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Test-taking engagement and test-taking behavior: Modeling the processes underlying item nonresponse and guessing
Deutsche Forschungsgemeinschaft (DFG) ;
Test-taking behavior - such as engaged (solution behavior) vs. disengaged behavior - or testtaking strategies strongly impact the results of large scale assessments (LSAs) and challenge the
comparability of scores due to differences in such behavior. When disengaged, examinees might
not apply their abilities when responding, but instead a) proceed quickly through the assessment
by randomly guessing or b) generate no response at all and omit items (Verbic & Tomic, 2009;
Wise & Gao, 2017). Such disengaged test-taking behavior poses a severe threat to the validity of
results obtained from LSAs since test scores assumed to reflect the level of competency may be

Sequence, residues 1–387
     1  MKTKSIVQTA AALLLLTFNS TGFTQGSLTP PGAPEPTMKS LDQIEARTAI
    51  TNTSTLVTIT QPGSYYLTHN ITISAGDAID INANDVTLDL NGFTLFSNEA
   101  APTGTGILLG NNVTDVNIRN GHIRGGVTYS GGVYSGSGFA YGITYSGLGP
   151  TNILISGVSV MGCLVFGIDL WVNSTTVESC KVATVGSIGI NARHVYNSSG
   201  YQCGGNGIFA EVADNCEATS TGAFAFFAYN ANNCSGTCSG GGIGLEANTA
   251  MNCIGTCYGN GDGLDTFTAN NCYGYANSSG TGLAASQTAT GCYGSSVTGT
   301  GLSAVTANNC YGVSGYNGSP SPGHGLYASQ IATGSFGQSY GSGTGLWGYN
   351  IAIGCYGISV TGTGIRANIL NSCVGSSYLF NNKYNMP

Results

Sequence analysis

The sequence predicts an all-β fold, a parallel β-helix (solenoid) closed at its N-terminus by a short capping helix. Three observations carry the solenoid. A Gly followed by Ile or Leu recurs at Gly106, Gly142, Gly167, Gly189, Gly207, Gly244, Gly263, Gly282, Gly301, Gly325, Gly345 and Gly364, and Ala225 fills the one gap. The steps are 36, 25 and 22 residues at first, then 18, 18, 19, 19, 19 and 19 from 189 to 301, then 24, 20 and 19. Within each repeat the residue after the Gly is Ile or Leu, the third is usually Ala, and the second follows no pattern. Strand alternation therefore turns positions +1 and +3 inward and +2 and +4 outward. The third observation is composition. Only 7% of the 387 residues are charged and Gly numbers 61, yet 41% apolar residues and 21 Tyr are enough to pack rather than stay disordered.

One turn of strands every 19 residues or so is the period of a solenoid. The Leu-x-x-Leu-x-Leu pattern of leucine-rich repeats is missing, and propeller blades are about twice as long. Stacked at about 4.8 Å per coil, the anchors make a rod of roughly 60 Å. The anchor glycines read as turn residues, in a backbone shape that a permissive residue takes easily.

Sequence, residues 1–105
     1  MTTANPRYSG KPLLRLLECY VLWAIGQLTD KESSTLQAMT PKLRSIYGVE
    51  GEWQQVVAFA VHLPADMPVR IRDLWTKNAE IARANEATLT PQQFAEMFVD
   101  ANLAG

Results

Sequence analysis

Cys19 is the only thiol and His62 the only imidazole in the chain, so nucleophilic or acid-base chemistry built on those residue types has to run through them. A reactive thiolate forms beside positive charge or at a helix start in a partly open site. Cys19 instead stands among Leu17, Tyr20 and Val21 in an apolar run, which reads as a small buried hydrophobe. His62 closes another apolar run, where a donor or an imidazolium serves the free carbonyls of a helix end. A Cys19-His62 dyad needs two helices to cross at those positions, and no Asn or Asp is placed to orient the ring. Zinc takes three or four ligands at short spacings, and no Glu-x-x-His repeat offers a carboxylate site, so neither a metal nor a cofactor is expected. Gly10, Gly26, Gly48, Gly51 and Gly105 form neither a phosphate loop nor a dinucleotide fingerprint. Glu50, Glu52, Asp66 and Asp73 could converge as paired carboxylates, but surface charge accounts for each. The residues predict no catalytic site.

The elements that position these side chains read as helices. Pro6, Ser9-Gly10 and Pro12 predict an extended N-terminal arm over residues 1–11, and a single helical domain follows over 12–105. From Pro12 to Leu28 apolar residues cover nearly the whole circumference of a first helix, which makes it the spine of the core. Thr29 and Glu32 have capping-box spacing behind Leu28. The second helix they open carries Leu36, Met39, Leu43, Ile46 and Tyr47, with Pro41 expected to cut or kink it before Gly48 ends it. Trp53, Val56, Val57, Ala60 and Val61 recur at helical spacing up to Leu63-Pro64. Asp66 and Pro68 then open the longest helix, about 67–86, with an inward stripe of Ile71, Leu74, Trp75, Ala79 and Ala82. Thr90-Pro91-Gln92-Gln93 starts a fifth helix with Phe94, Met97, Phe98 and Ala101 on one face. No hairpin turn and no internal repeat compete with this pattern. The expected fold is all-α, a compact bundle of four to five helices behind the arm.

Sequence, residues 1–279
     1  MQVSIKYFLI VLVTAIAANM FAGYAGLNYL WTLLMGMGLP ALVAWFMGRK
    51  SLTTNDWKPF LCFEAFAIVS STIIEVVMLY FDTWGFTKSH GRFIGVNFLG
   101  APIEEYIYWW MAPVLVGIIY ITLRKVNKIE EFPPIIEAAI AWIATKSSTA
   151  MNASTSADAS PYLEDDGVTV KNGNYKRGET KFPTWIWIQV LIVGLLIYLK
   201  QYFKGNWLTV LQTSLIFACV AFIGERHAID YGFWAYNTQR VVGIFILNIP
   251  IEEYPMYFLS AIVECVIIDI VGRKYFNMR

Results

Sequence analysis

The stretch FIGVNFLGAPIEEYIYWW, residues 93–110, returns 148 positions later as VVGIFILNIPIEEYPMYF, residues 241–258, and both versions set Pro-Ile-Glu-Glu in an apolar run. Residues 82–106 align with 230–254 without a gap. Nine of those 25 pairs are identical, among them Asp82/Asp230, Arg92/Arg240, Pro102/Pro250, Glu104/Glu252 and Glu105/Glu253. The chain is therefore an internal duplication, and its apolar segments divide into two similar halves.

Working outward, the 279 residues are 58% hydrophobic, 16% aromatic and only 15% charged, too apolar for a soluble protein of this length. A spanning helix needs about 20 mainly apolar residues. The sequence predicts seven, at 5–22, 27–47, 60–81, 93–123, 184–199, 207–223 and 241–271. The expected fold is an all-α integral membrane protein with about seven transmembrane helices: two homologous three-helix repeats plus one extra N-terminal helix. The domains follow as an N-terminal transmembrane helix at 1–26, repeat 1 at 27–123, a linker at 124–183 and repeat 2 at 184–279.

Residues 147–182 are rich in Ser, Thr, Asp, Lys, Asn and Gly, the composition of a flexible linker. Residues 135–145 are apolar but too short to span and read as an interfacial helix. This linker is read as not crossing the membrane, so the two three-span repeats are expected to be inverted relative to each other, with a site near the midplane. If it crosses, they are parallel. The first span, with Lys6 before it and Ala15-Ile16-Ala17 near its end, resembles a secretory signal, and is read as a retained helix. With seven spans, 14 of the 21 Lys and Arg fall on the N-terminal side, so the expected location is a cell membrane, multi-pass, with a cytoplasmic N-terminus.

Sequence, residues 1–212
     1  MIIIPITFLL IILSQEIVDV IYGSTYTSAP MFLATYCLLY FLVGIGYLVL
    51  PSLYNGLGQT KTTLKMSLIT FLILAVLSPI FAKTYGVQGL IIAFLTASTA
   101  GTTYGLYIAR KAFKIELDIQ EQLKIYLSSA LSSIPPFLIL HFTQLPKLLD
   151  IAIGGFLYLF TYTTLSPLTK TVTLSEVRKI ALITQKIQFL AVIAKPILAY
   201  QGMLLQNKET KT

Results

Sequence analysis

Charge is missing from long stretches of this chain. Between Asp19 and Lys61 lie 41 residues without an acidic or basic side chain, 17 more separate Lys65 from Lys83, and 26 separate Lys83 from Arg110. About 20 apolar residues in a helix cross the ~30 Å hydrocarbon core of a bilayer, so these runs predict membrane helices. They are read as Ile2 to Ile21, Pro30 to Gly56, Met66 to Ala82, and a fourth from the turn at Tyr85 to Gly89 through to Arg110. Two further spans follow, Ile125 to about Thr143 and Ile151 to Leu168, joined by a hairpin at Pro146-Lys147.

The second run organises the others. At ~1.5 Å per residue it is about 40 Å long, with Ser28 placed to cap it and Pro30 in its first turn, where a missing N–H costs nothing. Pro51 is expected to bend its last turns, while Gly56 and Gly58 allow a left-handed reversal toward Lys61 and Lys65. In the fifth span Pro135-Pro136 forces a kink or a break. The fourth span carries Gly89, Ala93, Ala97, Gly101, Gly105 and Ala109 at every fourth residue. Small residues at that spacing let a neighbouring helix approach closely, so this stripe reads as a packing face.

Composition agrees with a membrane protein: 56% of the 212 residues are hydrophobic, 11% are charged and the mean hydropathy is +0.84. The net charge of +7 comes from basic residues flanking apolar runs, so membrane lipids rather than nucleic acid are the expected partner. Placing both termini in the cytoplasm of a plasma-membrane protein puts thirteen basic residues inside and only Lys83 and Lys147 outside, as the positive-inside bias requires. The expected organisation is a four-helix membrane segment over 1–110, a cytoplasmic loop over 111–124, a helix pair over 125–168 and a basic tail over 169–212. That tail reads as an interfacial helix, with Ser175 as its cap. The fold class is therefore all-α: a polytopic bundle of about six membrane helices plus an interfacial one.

confounded with the level of engagement (Braun, Kirsch, & Yamamoto, 2011). Researchers
therefore aim at identifying persons with certain test-taking behavior in order to judge the quality of the assessment (e.g., Wise & Kong, 2005), exclude persons from scaling (e.g., Wise, Wise, &
Bhola, 2006) or downweight their influence (Ranger, Wolgast, & Kuhn, 2019). To date, the research
on item nonresponse and guessing is rather distinct, although both may be indicators of the same
motivational or cognitive status. In the current project, we aim for extending these models.

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